Late last night I had my first drink of bourbon of the day, and I settled on Kentucky Spirit, a generous two ounces in a Rare Breed glass.
As I settled down to take a look at Fox News on TV, I casually sniffed my drink. I found it very pleasing, even though no vivid descriptors came to mind.
A few sniffs later, I took a sip. It was disappointing. It simply didn't provide a continuation of the enjoyable aroma that had impressed me earlier.
As I pondered my sensations, I couldn't help but wonder whether I was being fair. Did my emotional attachment to the Wild Turkey image and my knowledge that I was drinking their top-of-the-line bottling in the domestic market cause me to expect too much? Or could it be that the bourbon delivered too little?
I tried to imagine (a risky approach, at best) encountering KS in a blind tasting. Never mind whether I would recognize it; after careful tasting, would I conclude that I was drinking a special bourbon, one worthy of a $40 price label? Absent any knowledge of its source, and without the recent memory of feeling the hefty weight of that magnificent stopper in my hand, would I find this bourbon more enjoyable than any number of others that sell for half the price, or a bit more?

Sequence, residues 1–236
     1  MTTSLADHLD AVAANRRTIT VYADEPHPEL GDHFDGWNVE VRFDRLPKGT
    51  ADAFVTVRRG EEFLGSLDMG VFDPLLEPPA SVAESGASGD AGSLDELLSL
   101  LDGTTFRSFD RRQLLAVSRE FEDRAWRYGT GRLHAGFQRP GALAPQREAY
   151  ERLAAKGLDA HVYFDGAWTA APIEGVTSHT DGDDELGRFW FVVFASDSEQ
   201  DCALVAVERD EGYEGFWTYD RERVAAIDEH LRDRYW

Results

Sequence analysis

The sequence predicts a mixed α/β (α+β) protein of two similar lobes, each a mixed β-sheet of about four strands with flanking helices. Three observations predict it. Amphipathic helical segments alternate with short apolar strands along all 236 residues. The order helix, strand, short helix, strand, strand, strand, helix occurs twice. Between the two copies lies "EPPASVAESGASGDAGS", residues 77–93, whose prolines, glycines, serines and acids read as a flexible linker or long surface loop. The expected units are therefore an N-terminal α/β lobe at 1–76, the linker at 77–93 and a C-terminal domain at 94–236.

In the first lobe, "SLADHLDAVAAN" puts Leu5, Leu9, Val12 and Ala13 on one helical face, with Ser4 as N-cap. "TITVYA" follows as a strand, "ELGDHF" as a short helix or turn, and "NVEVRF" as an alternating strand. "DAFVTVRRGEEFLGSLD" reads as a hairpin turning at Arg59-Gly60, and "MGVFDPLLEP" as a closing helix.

What causes me to favor any bourbon over another? Complexity? Hardly. I seldom identify more than two or three flavors (never coriander, candlewood or cattails ). Lack of burn? Yes, to some extent, but it can't be too sissy-fied, either. A vague sense of a quality of richness in the flavor? Frequently. Yet on occasion I find a quality of focused clarity appealling. (Think "Virgina Gentleman, 90 proof, six year-old".)
I'm not sure where all this leads, but I have a sneaking suspicion that Kentucky Spirit may end up on my do-not-replace list, joining such disparate entries as Jefferson's Reserve, Elmer T. Lee Single Barrel, Kentucky Pride, Evan Williams Single Barrel '92 and Benchmark.